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Back to March 2016 Newsletter

A Self Evaluation Form for Seed Production

Paul Hrycyk

Seed growers and seed savers are as different as the many varieties of seeds they produce. This is what we love about both seeds and seed savers, but it can sometimes make it difficult to assess which growers will best fit into the Vegetable Seed Producers Network (VSPN). This is why, late last year, we jumped on a grower-member’s suggestion to create a checklist of all the skills and abilities a VSPN member should have.

The first few brainstorming sessions focused on what sorts of skills to include on our list, what criteria were most important, and even how the list should be structured. The process generated a lot of ideas. We all agreed that this was not meant to be a training document. Instead it would be a list of abilities and skills that all seed savers and growers in the network would need to have in order to make sure that the seed we were producing and bulking up was high-quality. We call these skills “competencies.”

 We wanted this list of competencies to reflect what we thought were most important for VSPN members. VSPN members are not the backyard seed savers; they are professionals who have been asked to adhere to a strict set of standards in order to produce high quality, pure seed. They have numerous years of experience growing vegetables, and at least a few years’ experience learning and understanding how to grow seeds. Since they are already experienced, it wasn’t as important to us to list basic criteria and methods, like how to space plants or when to plant seeds.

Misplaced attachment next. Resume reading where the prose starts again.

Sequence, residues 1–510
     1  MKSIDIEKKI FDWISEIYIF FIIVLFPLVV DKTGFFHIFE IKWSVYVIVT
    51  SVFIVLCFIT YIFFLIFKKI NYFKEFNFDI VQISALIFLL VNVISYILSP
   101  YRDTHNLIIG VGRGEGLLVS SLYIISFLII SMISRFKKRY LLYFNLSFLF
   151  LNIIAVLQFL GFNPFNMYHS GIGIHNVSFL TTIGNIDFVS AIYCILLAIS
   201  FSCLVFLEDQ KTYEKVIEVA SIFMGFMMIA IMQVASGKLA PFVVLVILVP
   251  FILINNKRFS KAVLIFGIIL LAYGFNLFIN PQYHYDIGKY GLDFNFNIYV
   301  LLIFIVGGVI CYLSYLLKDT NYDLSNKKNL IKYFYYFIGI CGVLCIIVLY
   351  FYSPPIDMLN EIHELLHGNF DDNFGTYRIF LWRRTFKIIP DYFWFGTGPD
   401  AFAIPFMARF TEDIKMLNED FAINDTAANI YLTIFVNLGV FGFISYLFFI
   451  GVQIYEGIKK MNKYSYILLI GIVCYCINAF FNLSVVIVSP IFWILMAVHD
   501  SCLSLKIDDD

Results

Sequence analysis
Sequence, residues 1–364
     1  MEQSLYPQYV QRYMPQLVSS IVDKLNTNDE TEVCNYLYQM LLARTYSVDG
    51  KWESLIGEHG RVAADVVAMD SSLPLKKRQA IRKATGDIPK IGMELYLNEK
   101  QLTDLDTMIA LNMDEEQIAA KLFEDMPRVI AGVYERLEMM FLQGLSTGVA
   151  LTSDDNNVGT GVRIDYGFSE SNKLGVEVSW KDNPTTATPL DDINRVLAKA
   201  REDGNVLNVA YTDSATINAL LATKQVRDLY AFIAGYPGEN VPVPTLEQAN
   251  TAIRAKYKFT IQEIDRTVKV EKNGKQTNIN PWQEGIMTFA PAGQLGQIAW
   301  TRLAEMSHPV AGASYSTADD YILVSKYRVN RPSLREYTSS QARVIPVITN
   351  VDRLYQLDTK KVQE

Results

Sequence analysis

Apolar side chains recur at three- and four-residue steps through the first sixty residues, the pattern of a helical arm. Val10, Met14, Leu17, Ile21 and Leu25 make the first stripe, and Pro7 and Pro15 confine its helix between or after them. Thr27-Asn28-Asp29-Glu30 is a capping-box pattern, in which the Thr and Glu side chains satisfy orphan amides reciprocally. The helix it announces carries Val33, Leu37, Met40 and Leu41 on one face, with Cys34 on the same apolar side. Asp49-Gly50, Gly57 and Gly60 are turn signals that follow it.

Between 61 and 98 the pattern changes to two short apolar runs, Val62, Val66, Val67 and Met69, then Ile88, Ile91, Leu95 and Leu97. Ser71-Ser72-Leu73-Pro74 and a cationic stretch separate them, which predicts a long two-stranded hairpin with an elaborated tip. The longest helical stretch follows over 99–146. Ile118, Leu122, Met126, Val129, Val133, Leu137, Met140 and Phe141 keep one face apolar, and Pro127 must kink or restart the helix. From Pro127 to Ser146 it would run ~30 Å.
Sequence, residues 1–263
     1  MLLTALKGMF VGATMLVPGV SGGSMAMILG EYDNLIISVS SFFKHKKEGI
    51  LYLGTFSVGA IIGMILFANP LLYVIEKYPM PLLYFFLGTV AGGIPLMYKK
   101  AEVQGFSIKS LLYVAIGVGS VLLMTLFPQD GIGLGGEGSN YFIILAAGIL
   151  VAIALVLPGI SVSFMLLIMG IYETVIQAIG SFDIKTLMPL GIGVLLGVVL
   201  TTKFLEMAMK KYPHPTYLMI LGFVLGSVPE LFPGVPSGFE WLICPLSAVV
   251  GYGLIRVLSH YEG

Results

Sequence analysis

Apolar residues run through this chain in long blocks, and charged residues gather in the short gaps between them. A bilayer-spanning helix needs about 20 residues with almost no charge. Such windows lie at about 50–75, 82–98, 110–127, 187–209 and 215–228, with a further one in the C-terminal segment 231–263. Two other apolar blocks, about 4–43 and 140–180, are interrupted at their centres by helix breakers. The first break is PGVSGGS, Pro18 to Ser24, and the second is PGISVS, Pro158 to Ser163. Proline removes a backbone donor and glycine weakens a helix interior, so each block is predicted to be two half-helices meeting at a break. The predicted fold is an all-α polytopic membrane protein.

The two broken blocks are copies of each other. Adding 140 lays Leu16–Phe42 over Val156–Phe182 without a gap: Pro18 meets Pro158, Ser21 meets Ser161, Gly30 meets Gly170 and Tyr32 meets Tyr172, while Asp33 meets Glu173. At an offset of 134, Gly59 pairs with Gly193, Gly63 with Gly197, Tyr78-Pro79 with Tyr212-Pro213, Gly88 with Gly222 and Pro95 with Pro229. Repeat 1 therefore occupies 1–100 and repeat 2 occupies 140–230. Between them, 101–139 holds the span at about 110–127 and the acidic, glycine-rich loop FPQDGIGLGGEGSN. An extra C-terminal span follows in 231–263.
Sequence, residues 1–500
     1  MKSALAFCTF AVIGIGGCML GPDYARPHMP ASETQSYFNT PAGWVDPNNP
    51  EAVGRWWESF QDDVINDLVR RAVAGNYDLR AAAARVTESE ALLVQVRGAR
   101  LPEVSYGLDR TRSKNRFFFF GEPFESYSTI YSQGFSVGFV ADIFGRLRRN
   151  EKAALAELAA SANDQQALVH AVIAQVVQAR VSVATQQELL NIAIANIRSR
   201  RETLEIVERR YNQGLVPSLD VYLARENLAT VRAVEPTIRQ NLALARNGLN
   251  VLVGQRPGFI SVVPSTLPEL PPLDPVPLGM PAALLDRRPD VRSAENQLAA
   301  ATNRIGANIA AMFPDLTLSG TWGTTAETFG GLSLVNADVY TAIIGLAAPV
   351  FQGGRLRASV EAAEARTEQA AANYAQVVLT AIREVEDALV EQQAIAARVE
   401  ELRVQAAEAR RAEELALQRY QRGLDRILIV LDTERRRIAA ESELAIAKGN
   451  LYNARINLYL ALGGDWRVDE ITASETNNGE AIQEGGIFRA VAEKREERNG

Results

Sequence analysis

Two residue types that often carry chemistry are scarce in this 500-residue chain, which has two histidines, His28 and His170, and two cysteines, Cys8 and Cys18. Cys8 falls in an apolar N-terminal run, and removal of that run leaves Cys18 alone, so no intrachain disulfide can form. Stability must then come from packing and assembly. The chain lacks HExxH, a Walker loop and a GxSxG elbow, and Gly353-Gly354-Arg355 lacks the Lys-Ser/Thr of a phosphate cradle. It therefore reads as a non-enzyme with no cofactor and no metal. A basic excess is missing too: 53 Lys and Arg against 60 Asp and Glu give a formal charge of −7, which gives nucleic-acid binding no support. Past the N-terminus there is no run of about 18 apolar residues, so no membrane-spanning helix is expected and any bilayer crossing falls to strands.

As we further defined the competency list, we decided not to include sections about ecological farming practices or the business aspects of seed production. All VSPN members already understand and practice ecological farming, and we thought that getting into the business side of seed production would derail the idea we were focused on and really would be a separate document on its own.  

The competency list will focus on two main sections: high-level seed production and harvesting and seed quality assurance. We also considered adding a section that goes over on-farm plant breeding, but decided that falls outside the scope and purpose of this list.

The seed production and harvesting section will include skills such as ensuring effective isolation distances, planning for selection and roguing, and assessing and choosing equipment solutions for different scales of production.

Quality assurance will cover topics such as identifying storage conditions that may negatively affect seed germination rates, accurate and consistent germination testing, and employing measures of horizontal resistance by crop type.

The competency list will look like a self-evaluation form. It will list the requirements, or the criteria and skills we believe are important for skilled seed producers to know, and will ask growers to rate their ability in each area. This will mean growers can self-identify the areas they need to focus on to produce better quality seed. It also will be a tool for new growers who are interested in producing seed but don’t know where to start. There is certainly a lot of information out there and the intention of creating this list is to put all the key skills needed to master seed production in one place. It will also be a great tool for beginner seed savers, seed workshop presenters, and seed library trainers!

Keep an eye out for the competency list in early April!


This project was funded in part through Growing Forward 2, a federal-provincial-territorial initiative. The Agricultural Adaptation Council assists in the delivery of Growing Forward 2 in Ontario.


Paul Hrycyk is the coordinator of the Vegetable Seed Producers Network (VSPN).


Back to March 2016 Newsletter

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